I measured the current consumption of just sending IMU signals to a receiver to be about 120 mA. I hooked up a 400 mAh battery to the M5StickC and got just over 3 hours of runtime, which correlated to the current measurement. When I set the device to deep sleep mode, it drew about 10 mA, which is higher than the 10 uA of current draw in deep sleep mode of the ESP32 development board. This is something I still need to look into. I also measured the current while the device was turned off and was surprised to find it drew about 7 mA of current. After looking at some online forums, it seems like this wasn't a mistake and is a bug of the platform. For this application where I'm not requiring a device to run for months or years, I think the current consumption at off/deep sleep states are good enough for now.
I ended up choosing a 1,000 mAh battery which would extrapolate to about 8 hours of runtime of just sending IMU signals. However,...Read more »
Last week, we had our first user testing session with UCPLA where we got our first chance to see our prototypes in the hands of our target audience. We were lucky enough to see this firsthand remotely through Zoom and got some valuable learning lessons. A few screenshots from this testing session are shown below.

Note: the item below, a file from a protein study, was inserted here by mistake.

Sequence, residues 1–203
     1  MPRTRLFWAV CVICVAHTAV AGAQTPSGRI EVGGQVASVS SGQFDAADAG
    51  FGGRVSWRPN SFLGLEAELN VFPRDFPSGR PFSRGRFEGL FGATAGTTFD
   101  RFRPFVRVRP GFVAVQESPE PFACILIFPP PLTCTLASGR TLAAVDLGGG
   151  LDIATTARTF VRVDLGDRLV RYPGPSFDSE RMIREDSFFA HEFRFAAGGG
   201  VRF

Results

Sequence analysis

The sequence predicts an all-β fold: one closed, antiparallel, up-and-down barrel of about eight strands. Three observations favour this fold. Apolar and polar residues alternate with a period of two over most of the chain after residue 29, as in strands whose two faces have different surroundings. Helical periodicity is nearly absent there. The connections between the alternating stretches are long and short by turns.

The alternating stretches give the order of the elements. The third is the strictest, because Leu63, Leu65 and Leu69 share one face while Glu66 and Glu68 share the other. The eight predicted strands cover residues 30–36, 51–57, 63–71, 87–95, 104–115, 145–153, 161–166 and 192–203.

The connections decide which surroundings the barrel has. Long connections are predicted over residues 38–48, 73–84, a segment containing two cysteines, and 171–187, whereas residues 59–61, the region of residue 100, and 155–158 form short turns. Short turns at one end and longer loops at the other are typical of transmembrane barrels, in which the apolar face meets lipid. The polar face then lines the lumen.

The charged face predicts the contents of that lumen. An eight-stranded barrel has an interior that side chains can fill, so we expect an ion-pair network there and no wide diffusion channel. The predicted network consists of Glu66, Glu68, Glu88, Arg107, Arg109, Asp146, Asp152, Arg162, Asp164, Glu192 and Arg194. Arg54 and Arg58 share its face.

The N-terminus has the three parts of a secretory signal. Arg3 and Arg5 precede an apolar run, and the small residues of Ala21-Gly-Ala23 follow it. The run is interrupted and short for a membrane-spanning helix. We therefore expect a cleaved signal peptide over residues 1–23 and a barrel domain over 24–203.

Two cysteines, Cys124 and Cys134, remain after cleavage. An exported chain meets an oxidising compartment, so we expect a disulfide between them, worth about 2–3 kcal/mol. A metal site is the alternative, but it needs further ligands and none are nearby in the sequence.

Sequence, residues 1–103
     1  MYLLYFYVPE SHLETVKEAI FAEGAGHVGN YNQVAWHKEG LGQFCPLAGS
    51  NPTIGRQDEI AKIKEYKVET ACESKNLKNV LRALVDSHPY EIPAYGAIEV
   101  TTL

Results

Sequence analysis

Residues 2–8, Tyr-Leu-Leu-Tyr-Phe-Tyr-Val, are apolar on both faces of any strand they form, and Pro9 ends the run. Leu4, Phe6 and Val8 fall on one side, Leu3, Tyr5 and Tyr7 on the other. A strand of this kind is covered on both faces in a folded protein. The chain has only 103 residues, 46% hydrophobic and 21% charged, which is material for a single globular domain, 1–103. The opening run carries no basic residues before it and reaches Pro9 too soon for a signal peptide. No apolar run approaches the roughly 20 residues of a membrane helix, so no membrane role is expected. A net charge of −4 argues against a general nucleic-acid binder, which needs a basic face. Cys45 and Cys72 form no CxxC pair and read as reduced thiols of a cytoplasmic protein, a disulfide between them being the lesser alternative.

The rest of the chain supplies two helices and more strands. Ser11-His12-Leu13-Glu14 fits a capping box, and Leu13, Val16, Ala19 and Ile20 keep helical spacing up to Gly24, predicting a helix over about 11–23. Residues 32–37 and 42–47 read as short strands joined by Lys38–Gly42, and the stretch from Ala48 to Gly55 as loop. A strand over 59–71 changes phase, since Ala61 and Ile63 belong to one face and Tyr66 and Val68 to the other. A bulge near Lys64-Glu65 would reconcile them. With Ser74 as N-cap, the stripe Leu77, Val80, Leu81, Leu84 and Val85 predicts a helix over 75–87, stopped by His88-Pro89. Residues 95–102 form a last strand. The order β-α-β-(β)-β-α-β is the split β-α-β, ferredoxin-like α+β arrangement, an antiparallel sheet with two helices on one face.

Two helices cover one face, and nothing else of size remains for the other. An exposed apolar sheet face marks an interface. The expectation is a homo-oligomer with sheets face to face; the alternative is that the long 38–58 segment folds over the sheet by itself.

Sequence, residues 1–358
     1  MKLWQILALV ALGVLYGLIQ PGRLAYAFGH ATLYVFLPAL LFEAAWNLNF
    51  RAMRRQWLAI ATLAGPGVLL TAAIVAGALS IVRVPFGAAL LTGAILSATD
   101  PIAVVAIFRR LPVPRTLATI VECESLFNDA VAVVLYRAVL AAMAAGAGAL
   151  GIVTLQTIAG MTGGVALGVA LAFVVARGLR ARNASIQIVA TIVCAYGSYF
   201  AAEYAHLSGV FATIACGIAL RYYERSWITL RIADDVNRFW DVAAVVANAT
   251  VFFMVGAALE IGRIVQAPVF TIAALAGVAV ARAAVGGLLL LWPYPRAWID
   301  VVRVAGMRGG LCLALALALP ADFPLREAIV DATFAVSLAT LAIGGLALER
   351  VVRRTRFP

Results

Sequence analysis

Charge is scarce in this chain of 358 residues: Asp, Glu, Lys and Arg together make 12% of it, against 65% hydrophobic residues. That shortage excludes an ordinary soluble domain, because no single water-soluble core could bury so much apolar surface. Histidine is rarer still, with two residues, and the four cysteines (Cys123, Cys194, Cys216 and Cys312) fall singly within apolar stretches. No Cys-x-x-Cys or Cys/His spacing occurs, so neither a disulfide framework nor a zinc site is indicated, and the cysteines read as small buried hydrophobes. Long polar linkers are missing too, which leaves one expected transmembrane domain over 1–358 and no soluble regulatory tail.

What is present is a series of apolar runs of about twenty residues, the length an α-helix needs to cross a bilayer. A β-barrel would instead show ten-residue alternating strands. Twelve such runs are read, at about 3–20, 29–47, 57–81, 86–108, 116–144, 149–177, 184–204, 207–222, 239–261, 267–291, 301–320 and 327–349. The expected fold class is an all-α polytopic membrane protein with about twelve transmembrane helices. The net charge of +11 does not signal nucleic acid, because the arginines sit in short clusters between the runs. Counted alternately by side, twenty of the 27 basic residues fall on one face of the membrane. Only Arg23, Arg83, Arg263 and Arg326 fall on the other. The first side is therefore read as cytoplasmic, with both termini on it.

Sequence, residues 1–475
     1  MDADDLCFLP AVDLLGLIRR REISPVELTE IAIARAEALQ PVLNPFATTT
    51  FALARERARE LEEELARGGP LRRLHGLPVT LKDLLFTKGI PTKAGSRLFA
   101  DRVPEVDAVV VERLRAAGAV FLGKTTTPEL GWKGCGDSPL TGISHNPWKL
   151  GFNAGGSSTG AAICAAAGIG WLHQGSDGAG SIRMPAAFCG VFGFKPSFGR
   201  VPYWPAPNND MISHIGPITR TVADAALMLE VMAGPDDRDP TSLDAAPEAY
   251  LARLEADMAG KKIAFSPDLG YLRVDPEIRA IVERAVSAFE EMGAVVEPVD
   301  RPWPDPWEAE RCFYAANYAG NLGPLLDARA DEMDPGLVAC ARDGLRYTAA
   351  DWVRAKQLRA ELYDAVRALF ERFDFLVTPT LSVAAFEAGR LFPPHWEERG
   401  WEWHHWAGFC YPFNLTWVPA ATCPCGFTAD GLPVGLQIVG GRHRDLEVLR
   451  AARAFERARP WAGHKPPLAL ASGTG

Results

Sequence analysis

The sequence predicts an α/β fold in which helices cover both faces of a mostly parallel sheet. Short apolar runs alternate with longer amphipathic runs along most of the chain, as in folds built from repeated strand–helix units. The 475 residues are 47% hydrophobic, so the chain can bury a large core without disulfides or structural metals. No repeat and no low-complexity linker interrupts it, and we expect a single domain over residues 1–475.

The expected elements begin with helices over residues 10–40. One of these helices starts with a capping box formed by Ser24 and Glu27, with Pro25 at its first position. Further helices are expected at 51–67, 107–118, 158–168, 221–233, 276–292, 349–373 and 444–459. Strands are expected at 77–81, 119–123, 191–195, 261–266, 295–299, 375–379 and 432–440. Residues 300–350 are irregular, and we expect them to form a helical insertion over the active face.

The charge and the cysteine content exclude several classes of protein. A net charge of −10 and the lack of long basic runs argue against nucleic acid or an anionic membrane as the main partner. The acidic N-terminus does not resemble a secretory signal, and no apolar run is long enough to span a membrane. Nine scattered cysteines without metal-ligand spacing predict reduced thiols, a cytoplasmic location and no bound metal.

This was the first time our devices were in the hands of other people, and it gave us valuable insight into some considerations we didn't focus on. Early on, we asked a few questions to help us better understand our audience, but watching someone try our devices allowed us to better grasp some of these issues.
The last couple of weeks were busy preparing for prototype shipment and I kind of forgot to post log updates, so this entry will cover a few topics. While this upcoming week is focused on user testing and receiving feedback on our keyboard and joystick prototypes, this log will focus on the development of an intermediate prototype of a wireless Bluetooth button.
Currently for this project, we were focusing on delivering two prototypes: the keyboard and the IMU-based joystick. I wanted to add an intermediate milestone to create this wireless button prototype, which could potentially be a third deliverable but more importantly serves as learning lessons for future development of other prototypes. Below, I describe 5 discussion topics regarding this one button.